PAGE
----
For some The Waltons is best known for being one of the first long-running roles of the late, great John Ritter, who portrayed Reverend Matthew Fordwick through 18 episodes. When he left the show after 1976 it was because he had landed his iconic role on Three’s Company and later said his only regret in taking the part was the fact he had to leave his role on The Waltons.

Source: Sitcoms Online

4. The Walton Parents

Ralph Waite as John Walton and Michael Learned as Olivia Walton proved to be the perfect choices to lead the Walton family, but they weren’t without their troubles. Both actors admit to have had a problem with alcoholism while the show was going on, and Waite credits his on-screen family for helping him get sober. “He credited the show for being the reason he got sober. He said, ‘I sat there one day at the kitchen table with all you kids and I felt like such a fake.’ He took himself to AA and got sober,” Judy Norton, who portrayed Mary Ellen, revealed. As for Learned, she apparently hit rock bottom with her drinking around season five and got sober between season five and six. Later, Learned also revealed that she tried dating her on-screen husband in real life! “We were both single. So I drove out to Malibu, but we just looked at each other and said, ‘Nah, I don’t think so.’ So all of our lovemaking was on-screen!”

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3. Their True Selves

Given the time the show was filmed and when it was set, many Hollywood actors hid their sexuality because it was not accepted. It was later learned that Ellen Corby, who played the strict Grandma Walton, was actually a lesbian off-set, and Will Greer, who played Grandpa Walton, was bi-sexual and went on to have a serious relationship with Harry Hay who went on to be one of the key figures of the gay rights movement.

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2. Shedding the Image

After years portraying the squeaky clean and wholesome family, many of the child actors who grew up on set were eager to shed the image they had come to be known by through their Walton roles. Judy Norton, who portrayed Mary Ellen, shocked many when she went nude for a Playboy spread in 1985 in an effort to shed her good girl image. Unfortunately the photoshoot did not exactly boost her career and she later said she regrets doing it if only because it seems to be the only thing anyone wanted to talk to her about even a decade after. Similarly, Mary McDonough, who portrayed Norton’s younger sister Ellen, made the decision to get breast implants after The Waltons came to an end in hopes she would get better roles. Shortly after, however, she began suffering serious health issues which she attributes to getting bad implants and has become an activist for women’s health issues.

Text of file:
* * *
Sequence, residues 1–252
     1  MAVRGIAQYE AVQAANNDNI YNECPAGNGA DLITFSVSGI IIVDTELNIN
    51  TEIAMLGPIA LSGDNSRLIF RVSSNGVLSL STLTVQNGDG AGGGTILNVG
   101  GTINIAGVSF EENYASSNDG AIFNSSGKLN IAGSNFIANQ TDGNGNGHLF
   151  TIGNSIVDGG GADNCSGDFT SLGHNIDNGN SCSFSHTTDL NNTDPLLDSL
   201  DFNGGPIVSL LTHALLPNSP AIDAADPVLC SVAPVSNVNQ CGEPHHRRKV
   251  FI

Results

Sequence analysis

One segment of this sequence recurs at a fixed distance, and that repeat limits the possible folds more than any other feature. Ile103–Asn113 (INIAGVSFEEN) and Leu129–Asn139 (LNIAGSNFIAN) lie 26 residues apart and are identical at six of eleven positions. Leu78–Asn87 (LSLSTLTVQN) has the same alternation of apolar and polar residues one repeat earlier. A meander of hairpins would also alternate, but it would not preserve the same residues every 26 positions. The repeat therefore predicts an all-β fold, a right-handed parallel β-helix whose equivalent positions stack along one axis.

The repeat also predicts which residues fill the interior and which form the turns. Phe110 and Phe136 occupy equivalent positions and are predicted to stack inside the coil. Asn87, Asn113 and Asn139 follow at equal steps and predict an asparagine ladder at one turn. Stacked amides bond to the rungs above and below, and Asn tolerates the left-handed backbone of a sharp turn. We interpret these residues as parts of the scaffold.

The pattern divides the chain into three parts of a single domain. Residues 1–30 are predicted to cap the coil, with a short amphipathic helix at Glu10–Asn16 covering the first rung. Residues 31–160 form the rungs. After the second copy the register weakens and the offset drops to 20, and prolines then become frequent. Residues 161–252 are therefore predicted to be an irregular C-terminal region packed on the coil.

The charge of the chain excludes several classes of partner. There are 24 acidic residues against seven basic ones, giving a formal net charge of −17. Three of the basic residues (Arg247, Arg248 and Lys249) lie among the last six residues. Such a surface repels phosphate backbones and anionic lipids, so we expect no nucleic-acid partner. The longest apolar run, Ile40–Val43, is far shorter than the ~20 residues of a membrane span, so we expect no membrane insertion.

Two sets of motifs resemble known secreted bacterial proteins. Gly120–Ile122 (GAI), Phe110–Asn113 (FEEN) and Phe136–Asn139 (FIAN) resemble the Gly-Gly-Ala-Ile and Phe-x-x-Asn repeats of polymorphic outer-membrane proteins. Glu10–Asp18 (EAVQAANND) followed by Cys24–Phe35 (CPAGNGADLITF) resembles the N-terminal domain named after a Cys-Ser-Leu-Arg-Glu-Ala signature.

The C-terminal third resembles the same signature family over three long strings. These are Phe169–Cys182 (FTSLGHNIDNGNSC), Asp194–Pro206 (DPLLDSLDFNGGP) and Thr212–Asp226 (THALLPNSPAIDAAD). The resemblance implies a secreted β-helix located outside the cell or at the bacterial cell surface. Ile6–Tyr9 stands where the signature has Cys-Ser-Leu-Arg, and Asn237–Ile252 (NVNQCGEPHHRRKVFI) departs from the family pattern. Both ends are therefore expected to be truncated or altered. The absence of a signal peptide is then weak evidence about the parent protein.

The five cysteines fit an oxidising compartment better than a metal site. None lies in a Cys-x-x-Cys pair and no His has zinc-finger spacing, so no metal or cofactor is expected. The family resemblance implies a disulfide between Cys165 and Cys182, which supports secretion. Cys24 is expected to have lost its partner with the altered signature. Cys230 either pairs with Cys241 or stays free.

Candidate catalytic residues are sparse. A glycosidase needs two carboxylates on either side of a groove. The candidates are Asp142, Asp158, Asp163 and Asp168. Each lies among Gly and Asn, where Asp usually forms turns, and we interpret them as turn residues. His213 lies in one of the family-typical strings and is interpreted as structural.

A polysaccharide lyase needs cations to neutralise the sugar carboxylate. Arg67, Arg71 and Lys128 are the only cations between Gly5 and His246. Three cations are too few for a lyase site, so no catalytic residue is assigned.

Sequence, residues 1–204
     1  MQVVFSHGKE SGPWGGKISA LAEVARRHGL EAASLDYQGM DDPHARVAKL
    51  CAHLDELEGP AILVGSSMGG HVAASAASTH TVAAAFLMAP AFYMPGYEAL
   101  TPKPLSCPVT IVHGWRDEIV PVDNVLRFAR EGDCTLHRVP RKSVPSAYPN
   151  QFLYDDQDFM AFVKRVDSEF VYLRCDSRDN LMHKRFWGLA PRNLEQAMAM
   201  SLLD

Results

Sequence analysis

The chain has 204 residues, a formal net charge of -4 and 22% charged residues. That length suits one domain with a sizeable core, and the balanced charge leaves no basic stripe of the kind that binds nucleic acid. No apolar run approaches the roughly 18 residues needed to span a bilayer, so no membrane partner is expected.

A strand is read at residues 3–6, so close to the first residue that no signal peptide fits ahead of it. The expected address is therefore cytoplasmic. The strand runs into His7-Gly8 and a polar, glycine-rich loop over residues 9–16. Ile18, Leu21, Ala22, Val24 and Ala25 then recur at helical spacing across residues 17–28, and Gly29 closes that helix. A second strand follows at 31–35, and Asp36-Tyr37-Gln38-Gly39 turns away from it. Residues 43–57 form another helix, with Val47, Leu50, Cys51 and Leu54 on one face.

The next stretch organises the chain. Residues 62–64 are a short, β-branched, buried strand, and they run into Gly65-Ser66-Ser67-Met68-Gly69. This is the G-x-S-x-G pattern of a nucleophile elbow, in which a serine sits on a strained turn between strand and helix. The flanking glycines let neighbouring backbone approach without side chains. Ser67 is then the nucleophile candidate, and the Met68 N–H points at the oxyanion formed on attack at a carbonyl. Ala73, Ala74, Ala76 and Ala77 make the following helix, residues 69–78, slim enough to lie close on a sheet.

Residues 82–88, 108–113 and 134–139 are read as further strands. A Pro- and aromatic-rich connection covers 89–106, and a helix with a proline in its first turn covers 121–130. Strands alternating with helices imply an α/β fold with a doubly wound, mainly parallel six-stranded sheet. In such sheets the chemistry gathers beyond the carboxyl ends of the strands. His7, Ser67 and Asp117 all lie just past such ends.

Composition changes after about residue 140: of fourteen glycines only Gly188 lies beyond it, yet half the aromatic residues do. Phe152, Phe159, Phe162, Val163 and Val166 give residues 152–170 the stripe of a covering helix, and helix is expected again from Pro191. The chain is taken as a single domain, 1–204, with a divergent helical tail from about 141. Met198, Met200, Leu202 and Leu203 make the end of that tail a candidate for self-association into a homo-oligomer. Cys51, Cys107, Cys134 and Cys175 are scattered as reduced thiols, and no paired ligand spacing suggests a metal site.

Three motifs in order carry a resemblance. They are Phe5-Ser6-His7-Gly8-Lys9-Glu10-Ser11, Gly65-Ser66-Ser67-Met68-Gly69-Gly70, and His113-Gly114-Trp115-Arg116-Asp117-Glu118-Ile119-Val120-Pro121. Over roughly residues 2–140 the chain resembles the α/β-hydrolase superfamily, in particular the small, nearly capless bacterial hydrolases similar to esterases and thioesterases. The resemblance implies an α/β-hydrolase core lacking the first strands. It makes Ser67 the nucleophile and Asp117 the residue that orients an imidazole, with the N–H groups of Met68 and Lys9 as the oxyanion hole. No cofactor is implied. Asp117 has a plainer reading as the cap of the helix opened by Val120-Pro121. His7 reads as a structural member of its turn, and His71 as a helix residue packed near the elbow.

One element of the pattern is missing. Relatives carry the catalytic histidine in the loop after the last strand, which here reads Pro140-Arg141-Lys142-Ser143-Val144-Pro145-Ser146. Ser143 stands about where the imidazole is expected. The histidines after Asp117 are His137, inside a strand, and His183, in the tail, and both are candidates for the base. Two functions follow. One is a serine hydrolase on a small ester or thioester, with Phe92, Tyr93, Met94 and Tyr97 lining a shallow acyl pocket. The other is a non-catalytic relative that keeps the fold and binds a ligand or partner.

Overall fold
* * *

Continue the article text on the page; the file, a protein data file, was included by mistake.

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1. Becoming A Success

Despite launching the show, it seems very few people had high hopes for The Waltons when they turned the two-hour TV movie into a series. Even CBS weren’t so sure about their own show, especially since it was competing with NBC’s The Flip Wilson Show and ABC’s Mod Squad. Surprisingly, however, The Waltons came in and beat out both shows in ratings and Mod Squad was canceled by the time the season came to an end. Meanwhile Flip Wilson saw what was happening and opted to leave his own show, bringing it to an end in 1974. At first Ralph Waite was not going to audition for the role of John Walton because he didn’t want to be locked into a long-running TV series, but even his agent didn’t have high hopes for the series and convinced him to do it. “It will never sell. You do the pilot. You pick up a couple of bucks and then you go back to New York.”